Each of our three grades has its mixture of students who are exceptional and motivated, those who need to be brought along, and those who we (bad teachers!) refer to as the “cabbages.”  Both of us try hard to engage all of our students, but some kids are a challenge. Each class also has its own personality.

The 8th grade is a serious and attentive class. If they are to continue on to 9th grade, they will need to attend another school in a neighboring town and the stakes in doing well this year are high. The tone of the class is set by one exceptionally smart boy who makes teaching it most rewarding. There are also several girls who have blossomed and have started to assert themselves.
























The 7th grade has been a hard nut to crack. There are a few very good students, but they are shy and reserved. Many students go through class just wishing they do not get called on. Harvey sings, dances, jokes, mimes, and does everything he can to get a response, and at times he is rewarded for his efforts. The 7th grade has been a really tough audience.












Malinda’s 6th grade presents the opposite challenge. The personality of the class is dictated by her “gang of three”: three very smart (and quite lovable, when they're not being disruptive) boys who sit in the front, know all the answers, and shout them out with blatant disregard for such niceties as raising hands. A few of the girls have started giving the boys a run for their money. The rowdiness of the class is not helped by the fact that the 6th grade classroom is on the ground floor; crowds of students from younger classes often congregate at the doorway and windows and no amount of shooing can keep them away.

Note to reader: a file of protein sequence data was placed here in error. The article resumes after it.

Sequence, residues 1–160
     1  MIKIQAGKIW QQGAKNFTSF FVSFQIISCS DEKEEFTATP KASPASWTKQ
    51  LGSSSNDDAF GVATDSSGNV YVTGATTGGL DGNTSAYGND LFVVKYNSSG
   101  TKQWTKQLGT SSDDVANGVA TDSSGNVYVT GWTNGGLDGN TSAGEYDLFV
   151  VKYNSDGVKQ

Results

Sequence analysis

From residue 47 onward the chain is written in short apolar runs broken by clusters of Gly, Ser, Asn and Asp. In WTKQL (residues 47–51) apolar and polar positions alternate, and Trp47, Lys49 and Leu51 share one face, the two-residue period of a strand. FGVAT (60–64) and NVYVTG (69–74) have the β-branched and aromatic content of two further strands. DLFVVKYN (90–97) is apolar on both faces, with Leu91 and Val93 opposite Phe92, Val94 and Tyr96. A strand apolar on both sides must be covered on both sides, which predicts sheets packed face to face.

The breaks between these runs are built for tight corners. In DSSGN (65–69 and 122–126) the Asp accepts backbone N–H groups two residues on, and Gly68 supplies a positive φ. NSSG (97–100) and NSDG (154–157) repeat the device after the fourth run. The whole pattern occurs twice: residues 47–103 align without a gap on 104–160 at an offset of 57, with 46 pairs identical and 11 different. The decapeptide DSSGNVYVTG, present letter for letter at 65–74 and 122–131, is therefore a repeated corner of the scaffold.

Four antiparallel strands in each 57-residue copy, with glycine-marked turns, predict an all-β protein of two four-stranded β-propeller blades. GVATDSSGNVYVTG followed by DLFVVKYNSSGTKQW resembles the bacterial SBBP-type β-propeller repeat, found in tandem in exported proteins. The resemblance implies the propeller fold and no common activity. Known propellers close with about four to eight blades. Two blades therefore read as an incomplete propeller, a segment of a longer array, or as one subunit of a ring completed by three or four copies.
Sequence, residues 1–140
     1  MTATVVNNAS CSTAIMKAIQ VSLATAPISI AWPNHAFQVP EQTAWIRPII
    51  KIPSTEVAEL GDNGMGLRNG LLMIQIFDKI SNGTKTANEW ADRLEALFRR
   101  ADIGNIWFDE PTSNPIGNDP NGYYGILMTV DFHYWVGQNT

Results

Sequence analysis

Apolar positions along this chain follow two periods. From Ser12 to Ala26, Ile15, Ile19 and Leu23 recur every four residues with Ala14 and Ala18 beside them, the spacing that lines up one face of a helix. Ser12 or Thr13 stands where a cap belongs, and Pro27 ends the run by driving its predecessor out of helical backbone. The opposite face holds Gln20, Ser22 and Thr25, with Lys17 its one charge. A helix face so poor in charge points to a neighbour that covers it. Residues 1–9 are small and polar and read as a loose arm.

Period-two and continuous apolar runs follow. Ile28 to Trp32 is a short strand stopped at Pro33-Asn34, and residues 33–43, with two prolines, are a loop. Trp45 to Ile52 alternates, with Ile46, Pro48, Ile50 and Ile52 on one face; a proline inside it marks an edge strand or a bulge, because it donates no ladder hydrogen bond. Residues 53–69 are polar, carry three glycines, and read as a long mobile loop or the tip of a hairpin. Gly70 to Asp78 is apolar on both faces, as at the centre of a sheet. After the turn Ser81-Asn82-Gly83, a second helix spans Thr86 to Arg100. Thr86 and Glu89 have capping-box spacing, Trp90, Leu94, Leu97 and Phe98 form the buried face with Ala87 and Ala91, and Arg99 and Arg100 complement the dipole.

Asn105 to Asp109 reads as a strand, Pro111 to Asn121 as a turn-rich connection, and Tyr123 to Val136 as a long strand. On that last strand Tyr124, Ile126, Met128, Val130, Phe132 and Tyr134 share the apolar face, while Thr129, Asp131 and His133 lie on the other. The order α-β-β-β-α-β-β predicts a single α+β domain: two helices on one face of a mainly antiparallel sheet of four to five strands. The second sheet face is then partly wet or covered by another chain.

In addition to English, we have been teaching basic computer skills. Teenagers who had never held a mouse suddenly feel a whole new world opening up to them. (Can anyone remember how difficult it was to master the double click?) The Gorkha Foundation donated the computers and funded the installation of a suite of educational software, and that has been a huge asset to the school. We still do not have internet, but even just learning to open files, save files, play games, and hunt and peck on a keyboard has given them the promise of new opportunities. More than anything else we do, seeing kids clamor for more computer time brings immediate rewards and real satisfaction.
We are currently having discussions with the school about next year. When we came, we had wanted a more district-wide role, but our time here has convinced us that our greatest impact comes from a focus on the Dumre school and students. Accordingly, we will be expanding our teaching from four to five days a week and from three to four periods. The school has agreed to set aside a separate period in the day for computer education and to equip a larger classroom with electricity so that more computers can be added. 

The past seven months have been a steep learning curve for us, and we are expecting that next year, when we actually have a clue what we are doing, will be even more rewarding. 


All photographs are copyright Malinda and Harvey Blustain and can be reproduced only with permission at hblustain@gmail.com

If you are new to the blog and wondering why we are in Nepal and how we got here, go to www.blustain.net/nepal.htm